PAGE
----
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You Can Try to Beat an Unbeatable A.I. at Poker Online, But You Won’t Succeed

The only winning move is not to play.

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Somebody call Matthew Broderick; there’s an unbeatable AI on the Internet that wants to play a game with you. Luckily for the safety of the world, that game is poker.

Researchers at Canada’s University of Alberta Computer Poker Research Group have crafted an AI called Cepheus which is practically unbeatable at heads-up limit hold ’em, a two-player variant of Texas Hold ’em. If you think you can best a computer with a stone cold poker face that’s played more poker in its short existence than the entirety of humanity ever has, you can take a crack at it for free online (though it looks to be temporarily down).

Or, if you’d like, you can ask the bot how it would play in any given circumstance to bolster your chances of coming out ahead in your online poker addiction. That’s probably a more productive use of the AI’s talents than trying to oppose it with your feeble human skills, since Cepheus has “essentially solved” the poker variant, according to Tuomas Sandholm, director of the Electronic Marketplaces Laboratory at Carnegie Mellon University in Pittsburgh. His poker AI won a 2014 world championship, and even he’s called Cepheus’s mastery “a breakthrough,” says the Wall Street Journal.

Poker is a tough game for computers to play, since there’s a lot of information unknown to players at any given time, but Cepheus played through six billion hands per second during its learning period to figure out what choices got the best results in any given situation. But it’s not all fun and games. The end goal of the work Cepheus is doing isn’t just to demoralize human poker players but to advance AI in general. It just so happens that poker is an effective tool for devising new methods of teaching computers how to assess uncertainty in all kinds of situations.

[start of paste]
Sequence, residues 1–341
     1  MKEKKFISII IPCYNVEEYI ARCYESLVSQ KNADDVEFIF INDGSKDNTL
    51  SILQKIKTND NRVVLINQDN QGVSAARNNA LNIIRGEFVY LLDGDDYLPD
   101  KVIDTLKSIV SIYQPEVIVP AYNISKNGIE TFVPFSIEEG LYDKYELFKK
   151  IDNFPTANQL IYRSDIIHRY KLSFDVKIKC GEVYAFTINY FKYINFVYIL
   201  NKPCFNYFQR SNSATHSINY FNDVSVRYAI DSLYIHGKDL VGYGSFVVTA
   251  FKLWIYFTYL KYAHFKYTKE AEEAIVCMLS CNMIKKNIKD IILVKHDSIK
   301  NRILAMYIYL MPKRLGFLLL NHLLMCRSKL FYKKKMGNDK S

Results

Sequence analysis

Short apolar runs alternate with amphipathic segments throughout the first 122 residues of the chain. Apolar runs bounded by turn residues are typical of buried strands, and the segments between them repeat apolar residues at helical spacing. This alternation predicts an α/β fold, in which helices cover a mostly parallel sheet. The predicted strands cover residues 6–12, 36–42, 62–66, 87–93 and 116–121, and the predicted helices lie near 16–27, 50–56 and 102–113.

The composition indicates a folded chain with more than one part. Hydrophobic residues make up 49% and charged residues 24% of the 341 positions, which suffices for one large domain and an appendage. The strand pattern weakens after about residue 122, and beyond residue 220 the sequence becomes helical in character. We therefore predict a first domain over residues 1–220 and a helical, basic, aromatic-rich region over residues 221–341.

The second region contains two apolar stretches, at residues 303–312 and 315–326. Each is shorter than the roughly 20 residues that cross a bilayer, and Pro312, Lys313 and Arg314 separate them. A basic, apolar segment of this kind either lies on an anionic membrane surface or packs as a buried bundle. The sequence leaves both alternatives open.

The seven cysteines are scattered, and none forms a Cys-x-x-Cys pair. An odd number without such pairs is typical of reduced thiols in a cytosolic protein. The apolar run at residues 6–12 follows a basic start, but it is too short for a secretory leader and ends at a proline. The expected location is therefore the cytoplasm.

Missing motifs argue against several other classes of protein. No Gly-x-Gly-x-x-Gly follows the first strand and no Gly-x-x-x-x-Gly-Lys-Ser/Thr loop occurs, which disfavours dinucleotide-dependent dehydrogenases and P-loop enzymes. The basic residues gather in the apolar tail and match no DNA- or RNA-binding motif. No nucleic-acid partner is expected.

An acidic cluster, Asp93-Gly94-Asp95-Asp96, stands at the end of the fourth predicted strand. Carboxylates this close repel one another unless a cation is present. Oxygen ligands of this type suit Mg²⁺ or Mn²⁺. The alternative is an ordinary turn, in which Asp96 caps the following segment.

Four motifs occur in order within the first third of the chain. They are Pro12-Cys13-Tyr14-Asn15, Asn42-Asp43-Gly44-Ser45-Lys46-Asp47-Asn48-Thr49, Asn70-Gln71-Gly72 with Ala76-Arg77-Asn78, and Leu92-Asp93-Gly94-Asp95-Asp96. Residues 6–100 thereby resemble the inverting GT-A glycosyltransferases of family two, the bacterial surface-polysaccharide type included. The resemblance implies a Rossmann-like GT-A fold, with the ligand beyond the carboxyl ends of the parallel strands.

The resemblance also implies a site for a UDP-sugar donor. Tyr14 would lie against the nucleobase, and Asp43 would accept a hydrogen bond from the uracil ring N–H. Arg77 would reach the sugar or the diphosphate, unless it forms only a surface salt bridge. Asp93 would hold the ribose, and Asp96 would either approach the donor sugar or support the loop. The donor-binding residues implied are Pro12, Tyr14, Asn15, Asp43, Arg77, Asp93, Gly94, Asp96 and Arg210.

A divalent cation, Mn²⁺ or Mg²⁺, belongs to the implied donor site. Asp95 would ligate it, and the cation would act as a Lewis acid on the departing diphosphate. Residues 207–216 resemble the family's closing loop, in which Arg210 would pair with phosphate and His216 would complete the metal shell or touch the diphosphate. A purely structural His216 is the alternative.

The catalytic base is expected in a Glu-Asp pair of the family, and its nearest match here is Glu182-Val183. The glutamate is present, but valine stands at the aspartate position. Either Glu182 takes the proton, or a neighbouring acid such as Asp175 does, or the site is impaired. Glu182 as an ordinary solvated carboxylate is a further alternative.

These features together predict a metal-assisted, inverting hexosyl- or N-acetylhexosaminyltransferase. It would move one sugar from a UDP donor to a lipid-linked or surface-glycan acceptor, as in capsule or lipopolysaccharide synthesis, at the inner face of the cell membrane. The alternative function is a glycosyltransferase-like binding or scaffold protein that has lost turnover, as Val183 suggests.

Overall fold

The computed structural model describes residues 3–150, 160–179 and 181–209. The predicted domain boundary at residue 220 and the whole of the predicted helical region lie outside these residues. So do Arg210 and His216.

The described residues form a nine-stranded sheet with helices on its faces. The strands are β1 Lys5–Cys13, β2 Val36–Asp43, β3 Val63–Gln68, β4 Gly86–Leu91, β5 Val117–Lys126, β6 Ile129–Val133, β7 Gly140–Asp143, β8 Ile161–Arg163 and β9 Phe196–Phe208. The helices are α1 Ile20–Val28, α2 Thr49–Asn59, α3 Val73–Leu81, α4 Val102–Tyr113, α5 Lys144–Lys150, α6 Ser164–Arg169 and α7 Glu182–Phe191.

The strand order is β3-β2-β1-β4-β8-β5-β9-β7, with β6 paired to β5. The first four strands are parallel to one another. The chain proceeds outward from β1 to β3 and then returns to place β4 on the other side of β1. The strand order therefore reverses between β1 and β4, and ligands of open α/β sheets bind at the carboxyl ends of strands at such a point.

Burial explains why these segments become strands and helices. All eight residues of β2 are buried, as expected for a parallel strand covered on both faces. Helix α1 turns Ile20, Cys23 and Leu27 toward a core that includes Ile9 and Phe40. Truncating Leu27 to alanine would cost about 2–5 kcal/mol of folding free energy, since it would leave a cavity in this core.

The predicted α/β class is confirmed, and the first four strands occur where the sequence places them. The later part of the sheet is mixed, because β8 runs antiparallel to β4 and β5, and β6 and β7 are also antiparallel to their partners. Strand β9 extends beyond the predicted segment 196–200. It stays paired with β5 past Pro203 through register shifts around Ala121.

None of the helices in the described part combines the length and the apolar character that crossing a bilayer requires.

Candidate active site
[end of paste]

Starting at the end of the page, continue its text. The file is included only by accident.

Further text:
Just nobody tell Cepheus about that whole “thermonuclear war” thing, OK?

(via Wall Street Journal)

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Dan is many things, including a game developer, animator, martial artist, and at least semi-professional pancake chef. He lives in North Carolina with Lisa Brown (his wife) and Liz Lemon (his dog), both of whom are the best, and he will never stop reminding The Last Jedi's detractors that Luke Skywalker's pivotal moment in Return of the Jedi was literally throwing his lightsaber away and refusing to fight.